Meat plants in the US and abroad have been especially hard-hit by coronavirus – and an outbreak at one South Dakota facility spread like wildfire to more than 900 workers in just five weeks, a Centers for Disease Control and Prevention (CDC) report reveals.
Dozens of meat and poultry processing plants across the US have overwhelmed by coronavirus, which is transmitted easily in confined spaces with a high density of people in them.
The South Dakota plant’s outbreak quickly exploded from a first case diagnosed in March to 929 of its 3,635 employees by April 25.
Two of those employees died of the disease that has ravaged the world.
Yet, the processing plant did not begin to close down until April 12, by which point, 369 cases had already been confirmed, a fact that has the CDC urging similar facilities to take more aggressive action as soon as a first case is identified.
An outbreak of coronavirus at a Souh Dakota meat plant exploded from one case confirmed in March to 929 employees and 210 contacts by late April, a CDC report reveals
The CDC report does not name the meat plant its report describes, but the details appear very similar to those of a Smithfield facility near Sioux Falls that was the biggest coronavirus hotspot in the US for a brief time in April.
After the South Dakota Department of Health confirmed the first case of coronavirus at the plant on March 24, the meat plant did trace the person’s contacts there and tested them.
By April 2, that process had led to the diagnosis of 19 cases of coronavirus.
Following the identification of that considerable cluster, the facility stepped up its screening, testing anyone with coronavirus-like symptoms such as cough, fever or shortness of breath.
Even that modestly increased effort in testing turned up a massive number of additional infections.
As of April 11 – just two-and-a-half weeks after the first case was identified – 369 workers at the factory had coronavirus.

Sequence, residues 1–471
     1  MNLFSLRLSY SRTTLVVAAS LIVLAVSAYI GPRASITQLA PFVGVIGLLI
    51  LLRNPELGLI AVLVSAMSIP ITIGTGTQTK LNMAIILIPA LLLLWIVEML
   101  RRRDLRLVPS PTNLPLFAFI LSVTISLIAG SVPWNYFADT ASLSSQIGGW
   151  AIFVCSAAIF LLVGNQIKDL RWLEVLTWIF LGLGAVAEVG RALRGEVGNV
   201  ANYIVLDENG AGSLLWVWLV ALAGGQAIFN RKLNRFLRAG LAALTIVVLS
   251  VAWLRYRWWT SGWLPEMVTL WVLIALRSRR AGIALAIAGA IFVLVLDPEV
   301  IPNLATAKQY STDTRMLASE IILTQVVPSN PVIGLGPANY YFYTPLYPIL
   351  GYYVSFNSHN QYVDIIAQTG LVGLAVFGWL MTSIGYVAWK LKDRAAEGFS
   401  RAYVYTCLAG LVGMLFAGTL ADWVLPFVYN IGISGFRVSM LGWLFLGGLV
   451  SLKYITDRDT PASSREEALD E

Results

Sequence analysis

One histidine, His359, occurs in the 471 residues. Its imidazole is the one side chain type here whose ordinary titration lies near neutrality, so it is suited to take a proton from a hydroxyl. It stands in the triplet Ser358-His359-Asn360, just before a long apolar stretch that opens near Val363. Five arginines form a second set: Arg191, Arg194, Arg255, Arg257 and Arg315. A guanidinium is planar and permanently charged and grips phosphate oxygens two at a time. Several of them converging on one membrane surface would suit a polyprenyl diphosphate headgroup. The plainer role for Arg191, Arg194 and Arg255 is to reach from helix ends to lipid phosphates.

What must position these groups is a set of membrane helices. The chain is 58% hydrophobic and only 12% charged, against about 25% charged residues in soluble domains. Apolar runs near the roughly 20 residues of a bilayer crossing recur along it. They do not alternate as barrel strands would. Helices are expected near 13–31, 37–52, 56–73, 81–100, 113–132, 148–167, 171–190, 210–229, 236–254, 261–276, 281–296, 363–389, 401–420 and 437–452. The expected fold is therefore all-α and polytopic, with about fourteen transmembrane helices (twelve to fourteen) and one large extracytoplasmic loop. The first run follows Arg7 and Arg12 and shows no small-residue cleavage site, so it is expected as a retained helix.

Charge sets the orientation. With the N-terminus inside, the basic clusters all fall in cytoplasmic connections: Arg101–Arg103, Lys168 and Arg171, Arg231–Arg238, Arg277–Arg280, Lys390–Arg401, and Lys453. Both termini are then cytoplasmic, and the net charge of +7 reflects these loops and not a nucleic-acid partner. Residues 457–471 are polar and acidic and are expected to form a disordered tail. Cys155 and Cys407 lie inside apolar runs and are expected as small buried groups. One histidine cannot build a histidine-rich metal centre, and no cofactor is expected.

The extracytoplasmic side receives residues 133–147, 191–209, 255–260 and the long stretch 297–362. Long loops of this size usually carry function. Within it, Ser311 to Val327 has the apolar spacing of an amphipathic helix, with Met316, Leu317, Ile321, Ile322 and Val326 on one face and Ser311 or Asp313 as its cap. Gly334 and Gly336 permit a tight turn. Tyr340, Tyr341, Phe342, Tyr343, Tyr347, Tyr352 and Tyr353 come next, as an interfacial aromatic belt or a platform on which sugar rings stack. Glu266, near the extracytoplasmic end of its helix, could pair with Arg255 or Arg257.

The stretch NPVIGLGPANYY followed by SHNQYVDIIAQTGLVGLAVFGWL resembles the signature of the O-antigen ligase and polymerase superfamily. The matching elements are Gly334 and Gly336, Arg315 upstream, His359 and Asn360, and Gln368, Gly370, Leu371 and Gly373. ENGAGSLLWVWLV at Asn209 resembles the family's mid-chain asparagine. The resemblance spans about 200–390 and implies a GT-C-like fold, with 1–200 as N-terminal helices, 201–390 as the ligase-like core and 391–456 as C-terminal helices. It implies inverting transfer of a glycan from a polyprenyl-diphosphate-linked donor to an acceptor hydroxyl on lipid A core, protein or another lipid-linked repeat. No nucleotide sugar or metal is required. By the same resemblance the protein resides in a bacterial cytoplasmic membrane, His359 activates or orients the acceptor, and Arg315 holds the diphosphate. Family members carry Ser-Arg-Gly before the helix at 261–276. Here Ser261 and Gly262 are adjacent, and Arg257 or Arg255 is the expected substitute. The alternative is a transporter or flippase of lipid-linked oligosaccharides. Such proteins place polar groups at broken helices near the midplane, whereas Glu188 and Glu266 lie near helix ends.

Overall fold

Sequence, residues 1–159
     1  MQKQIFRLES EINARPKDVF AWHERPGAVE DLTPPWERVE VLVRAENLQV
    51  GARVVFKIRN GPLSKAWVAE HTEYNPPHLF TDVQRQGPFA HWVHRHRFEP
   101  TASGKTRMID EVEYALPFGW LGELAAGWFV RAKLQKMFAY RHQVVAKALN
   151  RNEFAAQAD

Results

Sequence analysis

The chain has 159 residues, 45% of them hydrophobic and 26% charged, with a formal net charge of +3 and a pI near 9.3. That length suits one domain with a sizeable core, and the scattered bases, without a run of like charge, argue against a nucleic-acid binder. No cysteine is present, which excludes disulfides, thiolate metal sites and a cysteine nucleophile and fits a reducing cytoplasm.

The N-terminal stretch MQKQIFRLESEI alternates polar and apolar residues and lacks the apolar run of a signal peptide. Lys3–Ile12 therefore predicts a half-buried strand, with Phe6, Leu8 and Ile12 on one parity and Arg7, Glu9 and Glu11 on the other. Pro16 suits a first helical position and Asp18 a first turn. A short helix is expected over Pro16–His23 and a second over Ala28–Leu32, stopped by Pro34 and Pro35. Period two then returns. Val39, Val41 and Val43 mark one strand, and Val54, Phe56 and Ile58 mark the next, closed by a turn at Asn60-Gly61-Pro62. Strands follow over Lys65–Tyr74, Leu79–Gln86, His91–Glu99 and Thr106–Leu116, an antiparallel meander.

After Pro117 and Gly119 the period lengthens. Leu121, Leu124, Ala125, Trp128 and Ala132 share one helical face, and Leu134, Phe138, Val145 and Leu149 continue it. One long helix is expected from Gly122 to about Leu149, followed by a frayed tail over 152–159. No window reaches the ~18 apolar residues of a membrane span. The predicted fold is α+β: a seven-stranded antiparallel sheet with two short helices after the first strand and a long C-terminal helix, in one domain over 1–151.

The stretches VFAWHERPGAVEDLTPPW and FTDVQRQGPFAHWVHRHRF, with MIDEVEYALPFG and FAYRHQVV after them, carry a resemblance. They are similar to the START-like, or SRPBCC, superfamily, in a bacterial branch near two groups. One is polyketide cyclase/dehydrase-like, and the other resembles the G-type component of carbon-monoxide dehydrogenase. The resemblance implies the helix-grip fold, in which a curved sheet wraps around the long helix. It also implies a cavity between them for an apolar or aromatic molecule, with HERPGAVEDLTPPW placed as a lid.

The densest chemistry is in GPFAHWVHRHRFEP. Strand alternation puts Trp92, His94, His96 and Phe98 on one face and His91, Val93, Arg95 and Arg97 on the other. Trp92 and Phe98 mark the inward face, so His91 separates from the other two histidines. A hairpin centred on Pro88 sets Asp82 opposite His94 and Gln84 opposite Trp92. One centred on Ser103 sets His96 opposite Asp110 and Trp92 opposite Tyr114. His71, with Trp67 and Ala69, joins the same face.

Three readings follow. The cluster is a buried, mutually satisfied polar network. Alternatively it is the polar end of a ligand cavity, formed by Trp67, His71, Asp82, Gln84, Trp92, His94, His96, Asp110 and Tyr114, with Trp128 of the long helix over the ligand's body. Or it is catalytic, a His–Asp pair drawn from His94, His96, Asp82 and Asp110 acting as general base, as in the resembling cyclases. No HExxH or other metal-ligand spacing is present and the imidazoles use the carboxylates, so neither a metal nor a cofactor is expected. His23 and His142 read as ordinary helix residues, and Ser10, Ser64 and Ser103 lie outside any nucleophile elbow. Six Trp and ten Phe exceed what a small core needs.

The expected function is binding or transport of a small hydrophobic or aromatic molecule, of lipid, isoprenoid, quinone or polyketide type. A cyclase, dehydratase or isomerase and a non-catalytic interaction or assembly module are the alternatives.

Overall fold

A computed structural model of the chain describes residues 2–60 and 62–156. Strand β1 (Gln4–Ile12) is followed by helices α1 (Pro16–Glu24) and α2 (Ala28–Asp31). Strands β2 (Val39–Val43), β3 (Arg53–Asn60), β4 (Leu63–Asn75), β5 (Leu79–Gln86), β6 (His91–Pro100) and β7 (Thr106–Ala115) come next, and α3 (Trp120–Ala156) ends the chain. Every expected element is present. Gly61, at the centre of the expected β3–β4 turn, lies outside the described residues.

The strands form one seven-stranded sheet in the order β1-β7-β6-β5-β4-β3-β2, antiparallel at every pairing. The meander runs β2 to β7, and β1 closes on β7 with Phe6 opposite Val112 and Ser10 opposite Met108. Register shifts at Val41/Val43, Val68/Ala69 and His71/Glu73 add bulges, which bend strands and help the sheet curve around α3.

Nealy 370 people at the plant had already been infected by the time it began its phased shut down on April 12, a CDC graph shows
A dozen cases had been cause to test. Hundreds were cause for closing the facility down, which it began to do on April 12.
But the closure was done in phases and much of the damage had likely been done.
By the time the CDC finished its investigation of the factory – at the request of the state’s health department – 929 people had been infected.
That represented more than a quarter of the meat processing plant’s total workforce.
According to the CDC report, an average of 67 new cases were being identified a day at the peak of the outbreak at the facility.
Unsurprisingly, the virus spread most quickly through three departments where employees could not maintain six feet of distance between them throughout their long workdays.
The infection spread fastest in departments like ‘cut’ portion of the facility where employees work less than six feet apart from one another (file)
Nearly 40 employees and nine contractors had to be hospitalized.
Two of the employees died.
Infectious disease experts believe that people who are exposed over and over again to greater loads of coronavirus are more likely to get severely ill if they contract coronavirus.
A meat plant, in that sense, is a perfect petri dish for infections, as it spreads to workers who return day after day to work shoulder-to-shoulder in the confines of the facility.
In April, meat plants like the South Dakota one were considered the driving force of coronavirus hotspots across the US.
The CDC report sheds light on how outbreaks spread beyond the walls of the factories themselves.
Of the 2,403 contacts of the meat plant workers, 210 – about 10 percent – contracted coronavirus, too, illustrating how the single facility fueled the larger community’s outbreak.
‘This large outbreak of COVID-19 among employees at a meat processing facility highlights the potential for rapid transmission of SARS-CoV-2 in these types of facilities,’ the CDC investigators wrote in their report.
‘Factors that might have contributed to infection among employees at this facility include high employee density in work and common areas, prolonged close contact between employees over the course of a shift, and substantial SARS-CoV-2 transmission in the surrounding community.’
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Menopausal women may be denied entry to airports using temperature scanners for Covid-19
Menopausal women may be unfairly denied entry to airports, pubs and restaurants if they have their temperature checked, it is feared.